After a 78-year-old woman fell and broke her ankle outside Penny Pincher thrift store on a bitterly cold day in December, volunteers at the store wrote to say they had serious concerns about the fact they waited for more than 30 minutes for help to arrive. BC Ambulance service says that is within the standard wait time for non-life threatening illness or injury.

Injured senior’s 33-minute wait in the cold for ambulance raises questions

BC Ambulance service says response time was standard for non-life threatening injury

Magdelena Noort is now at home, nursing a broken ankle, but she clearly recalls the fall that caused her injury, and the time she spent lying in pain on the frozen ground as she waited for help.

Noort, who is 78 years old and was on her way to Curves that morning, isn’t the only one raising questions about events surrounding her Dec. 22 fall in the parking lot of Penny Pincher thrift store on Fraser Highway.

Specifically, she wonders why it took B.C. Ambulance 33 minutes to arrive.

Several Penny Pincher volunteers working that morning came to Noort’s aid after seeing her lying on the ground.

“We called 911 immediately,” said Tina McMillan. “We brought out a pillow and blankets to keep her warm. She was in a lot of pain.”

Noort said the ladies held an umbrella over her when it started to rain.

“I heard them call 911. But nearly 40 minutes later and nothing, no ambulance came,” she said.

“They were worried I was going into shock. I was in immense pain.”

Since the women hadn’t seen an ambulance after making two calls, they phoned the Langley City Fire Hall themselves.

“The fire truck was there within minutes,” McMillan said. “They told me they were never called. They said they were just around the corner and had no idea.”

A 33-minute response time is “very standard” for that type of call, said Wendy Machana, director of patient care in the Fraser region for emergency health services.

“We recognize how stressful it can be waiting for help, as in the case of this woman, but we have to go to life-threatening injuries first,” she said. “When there is a long delay we try to work with our fire partners to be there. They are highly trained.”

Langley City Fire Chief Rory Thompson agreed that a response time of 33 minutes is “normal” for non-life-threatening calls for ambulance service.

“We were just at a call this morning and it took an ambulance an hour to arrive. This happens on a regular basis. They look at falls as non-urgent calls,” Thompson said.

“We, at City Fire Rescue, go to everything, both serious and non-life threatening. We have an older population here in Langley City and I think it is important for us to go to the full spectrum of calls,” he said.

“There is value in holding a person’s hand and being there with them until the ambulance arrives.”

Firefighters are trained in high levels of First Aid and CPR as well.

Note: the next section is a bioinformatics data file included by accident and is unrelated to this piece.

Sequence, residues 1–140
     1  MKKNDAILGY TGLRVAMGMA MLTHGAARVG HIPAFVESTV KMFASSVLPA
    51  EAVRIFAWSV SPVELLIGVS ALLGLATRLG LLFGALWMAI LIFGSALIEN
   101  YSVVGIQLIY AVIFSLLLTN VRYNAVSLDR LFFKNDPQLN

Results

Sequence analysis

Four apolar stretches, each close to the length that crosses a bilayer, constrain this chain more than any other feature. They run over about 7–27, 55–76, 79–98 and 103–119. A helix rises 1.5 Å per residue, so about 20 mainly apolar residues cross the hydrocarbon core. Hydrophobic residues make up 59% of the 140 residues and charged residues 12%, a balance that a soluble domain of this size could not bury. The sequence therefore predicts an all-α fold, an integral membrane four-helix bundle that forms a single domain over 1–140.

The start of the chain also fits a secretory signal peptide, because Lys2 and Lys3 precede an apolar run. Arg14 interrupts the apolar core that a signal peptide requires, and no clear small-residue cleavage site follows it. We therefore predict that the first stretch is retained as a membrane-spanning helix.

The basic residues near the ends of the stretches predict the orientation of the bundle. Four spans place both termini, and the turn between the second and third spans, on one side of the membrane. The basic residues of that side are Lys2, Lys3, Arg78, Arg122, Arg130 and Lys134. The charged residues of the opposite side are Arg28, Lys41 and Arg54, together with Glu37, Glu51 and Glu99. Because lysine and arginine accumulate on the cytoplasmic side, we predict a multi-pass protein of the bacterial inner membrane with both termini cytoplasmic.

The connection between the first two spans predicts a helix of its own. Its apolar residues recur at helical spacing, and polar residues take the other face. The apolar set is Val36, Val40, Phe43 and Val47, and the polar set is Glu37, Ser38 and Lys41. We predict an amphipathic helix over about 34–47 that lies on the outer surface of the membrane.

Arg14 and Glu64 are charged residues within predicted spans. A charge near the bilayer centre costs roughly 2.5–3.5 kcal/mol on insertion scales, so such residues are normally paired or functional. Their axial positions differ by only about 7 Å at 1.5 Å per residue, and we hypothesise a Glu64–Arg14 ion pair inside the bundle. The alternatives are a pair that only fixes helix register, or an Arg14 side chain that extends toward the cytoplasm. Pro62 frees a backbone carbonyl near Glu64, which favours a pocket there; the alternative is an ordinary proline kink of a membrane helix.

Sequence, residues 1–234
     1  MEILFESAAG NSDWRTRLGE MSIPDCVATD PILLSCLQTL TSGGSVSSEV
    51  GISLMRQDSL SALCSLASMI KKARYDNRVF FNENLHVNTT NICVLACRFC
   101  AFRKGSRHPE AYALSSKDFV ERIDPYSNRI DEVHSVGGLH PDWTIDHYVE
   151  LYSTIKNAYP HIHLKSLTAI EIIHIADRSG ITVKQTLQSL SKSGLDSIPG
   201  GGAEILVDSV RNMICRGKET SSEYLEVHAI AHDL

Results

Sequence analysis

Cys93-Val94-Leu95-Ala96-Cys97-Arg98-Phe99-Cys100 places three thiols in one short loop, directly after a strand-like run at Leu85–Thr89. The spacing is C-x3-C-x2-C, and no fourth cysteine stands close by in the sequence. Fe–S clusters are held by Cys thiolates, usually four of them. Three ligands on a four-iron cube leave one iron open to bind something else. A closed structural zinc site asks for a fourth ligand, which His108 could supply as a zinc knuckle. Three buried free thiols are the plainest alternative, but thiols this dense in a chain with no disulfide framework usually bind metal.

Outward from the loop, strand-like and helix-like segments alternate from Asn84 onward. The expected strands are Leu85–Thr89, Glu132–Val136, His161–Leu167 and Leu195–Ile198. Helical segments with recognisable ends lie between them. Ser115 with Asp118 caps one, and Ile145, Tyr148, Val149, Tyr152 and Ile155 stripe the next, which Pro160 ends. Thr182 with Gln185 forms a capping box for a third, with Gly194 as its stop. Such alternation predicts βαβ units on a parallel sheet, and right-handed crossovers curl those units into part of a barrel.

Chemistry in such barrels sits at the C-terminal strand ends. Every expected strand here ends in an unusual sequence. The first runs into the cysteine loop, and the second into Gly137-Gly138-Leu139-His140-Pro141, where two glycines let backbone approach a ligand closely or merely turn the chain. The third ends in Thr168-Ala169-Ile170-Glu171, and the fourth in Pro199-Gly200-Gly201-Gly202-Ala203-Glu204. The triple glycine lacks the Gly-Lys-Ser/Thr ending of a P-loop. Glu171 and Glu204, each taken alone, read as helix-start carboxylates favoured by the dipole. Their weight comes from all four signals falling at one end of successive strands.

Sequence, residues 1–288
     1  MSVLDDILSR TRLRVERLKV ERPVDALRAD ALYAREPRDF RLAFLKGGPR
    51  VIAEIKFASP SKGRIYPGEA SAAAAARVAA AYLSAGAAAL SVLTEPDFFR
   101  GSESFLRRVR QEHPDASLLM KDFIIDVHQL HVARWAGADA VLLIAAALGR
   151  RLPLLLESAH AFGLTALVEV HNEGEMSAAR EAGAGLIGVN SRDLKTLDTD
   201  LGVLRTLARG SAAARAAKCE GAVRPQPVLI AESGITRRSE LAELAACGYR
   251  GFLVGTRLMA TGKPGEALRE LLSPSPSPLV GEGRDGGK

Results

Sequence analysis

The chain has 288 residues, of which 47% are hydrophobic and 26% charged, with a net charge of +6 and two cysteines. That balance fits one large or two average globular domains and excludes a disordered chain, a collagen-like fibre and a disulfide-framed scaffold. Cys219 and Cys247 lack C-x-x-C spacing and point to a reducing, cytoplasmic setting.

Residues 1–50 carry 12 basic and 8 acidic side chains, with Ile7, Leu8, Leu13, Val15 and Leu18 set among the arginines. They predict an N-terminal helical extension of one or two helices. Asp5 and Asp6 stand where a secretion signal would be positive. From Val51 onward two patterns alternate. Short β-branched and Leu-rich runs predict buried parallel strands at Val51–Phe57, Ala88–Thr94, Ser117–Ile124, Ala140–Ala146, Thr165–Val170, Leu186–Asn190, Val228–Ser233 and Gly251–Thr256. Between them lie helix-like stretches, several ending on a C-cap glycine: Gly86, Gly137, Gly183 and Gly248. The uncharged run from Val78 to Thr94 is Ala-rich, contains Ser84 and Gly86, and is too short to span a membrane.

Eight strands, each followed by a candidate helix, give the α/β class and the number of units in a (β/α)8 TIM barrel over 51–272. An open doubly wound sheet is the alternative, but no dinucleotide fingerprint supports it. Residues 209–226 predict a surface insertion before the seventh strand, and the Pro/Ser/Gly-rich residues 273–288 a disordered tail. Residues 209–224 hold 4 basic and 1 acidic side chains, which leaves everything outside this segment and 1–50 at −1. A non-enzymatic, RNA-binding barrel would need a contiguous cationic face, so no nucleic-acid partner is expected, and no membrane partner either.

As for the delayed response to help Noort, Thompson said it doesn’t appear they (firefighters) were dispatched until 8:56 a.m. and arrived at 8:59 a.m. It’s unclear if they were dispatched initially, he said.

B.C. Ambulance has been under fire recently, following several lengthy response times in Maple Ridge and Vancouver. A Surrey mother of a murder victim is suing the province over response times.

Emergency Health Services prioritize where ambulances go, depending on the severity of the call. Cardiac arrest is the top priority where seconds count to save a life.

B.C. Ambulance representatives don’t believe there is a shortage of ambulances in Langley, nor an exorbitant number of delays for service. Machana said that Langley was provided two additional ambulances last year to handle the increase in calls. In fact, 10 ambulances were added in the region.

“We do continue to experience high call volume due to the flu season, the ice and the ongoing opioid  crisis. We triage and deploy. All patients are important to us.”

B.C. Ambulance Service spokesperson Lesley Pritchard said that they have established a 2020 action plan to address the aging population and the strain that puts on ambulance services.

“In our review, we found that there is going to be a six per cent increase in demand each year because of the aging population.

Aging patients are complex cases with multiple health issues,” she said.

One pilot project they are trying, with success, is called the HALO project, in which a paramedic is stationed in the ER to attend to patients who arrive by ambulance. If the patient is judged to be in stable condition, the ER-based paramedic can release the rest of the team to attend other calls, while he or she remains with the patient.

Under the current system, paramedics are required to stay with patients they bring to the ER until the patient is seen by a doctor. That can sometimes take hours and ties up ambulances that could be at other calls.

The Penny Pincher volunteers who helped Noort were so upset about their experience, they wrote a letter to the editor.

“I’m glad she is OK, but we hope this doesn’t happen to anyone again, to wait that long on the cold, hard cement for help,” said McMillan.

Noort said she is grateful to the women, who stayed by her side the whole time.

“When I can get out again I want to go and thank them personally,” said Noort. As someone who stays active and has been going to the Langley City Curves for 13 years, she expects to be back in action again soon.

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